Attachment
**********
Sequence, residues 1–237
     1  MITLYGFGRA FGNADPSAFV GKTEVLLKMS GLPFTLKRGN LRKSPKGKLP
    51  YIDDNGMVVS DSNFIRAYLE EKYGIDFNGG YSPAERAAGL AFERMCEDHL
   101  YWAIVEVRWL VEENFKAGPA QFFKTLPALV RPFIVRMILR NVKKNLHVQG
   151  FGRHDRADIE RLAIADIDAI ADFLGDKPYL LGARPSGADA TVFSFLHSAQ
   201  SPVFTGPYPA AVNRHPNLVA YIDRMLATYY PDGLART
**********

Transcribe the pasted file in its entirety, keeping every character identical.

Sequence, residues 1–237
     1  MITLYGFGRA FGNADPSAFV GKTEVLLKMS GLPFTLKRGN LRKSPKGKLP
    51  YIDDNGMVVS DSNFIRAYLE EKYGIDFNGG YSPAERAAGL AFERMCEDHL
   101  YWAIVEVRWL VEENFKAGPA QFFKTLPALV RPFIVRMILR NVKKNLHVQG
   151  FGRHDRADIE RLAIADIDAI ADFLGDKPYL LGARPSGADA TVFSFLHSAQ
   201  SPVFTGPYPA AVNRHPNLVA YIDRMLATYY PDGLART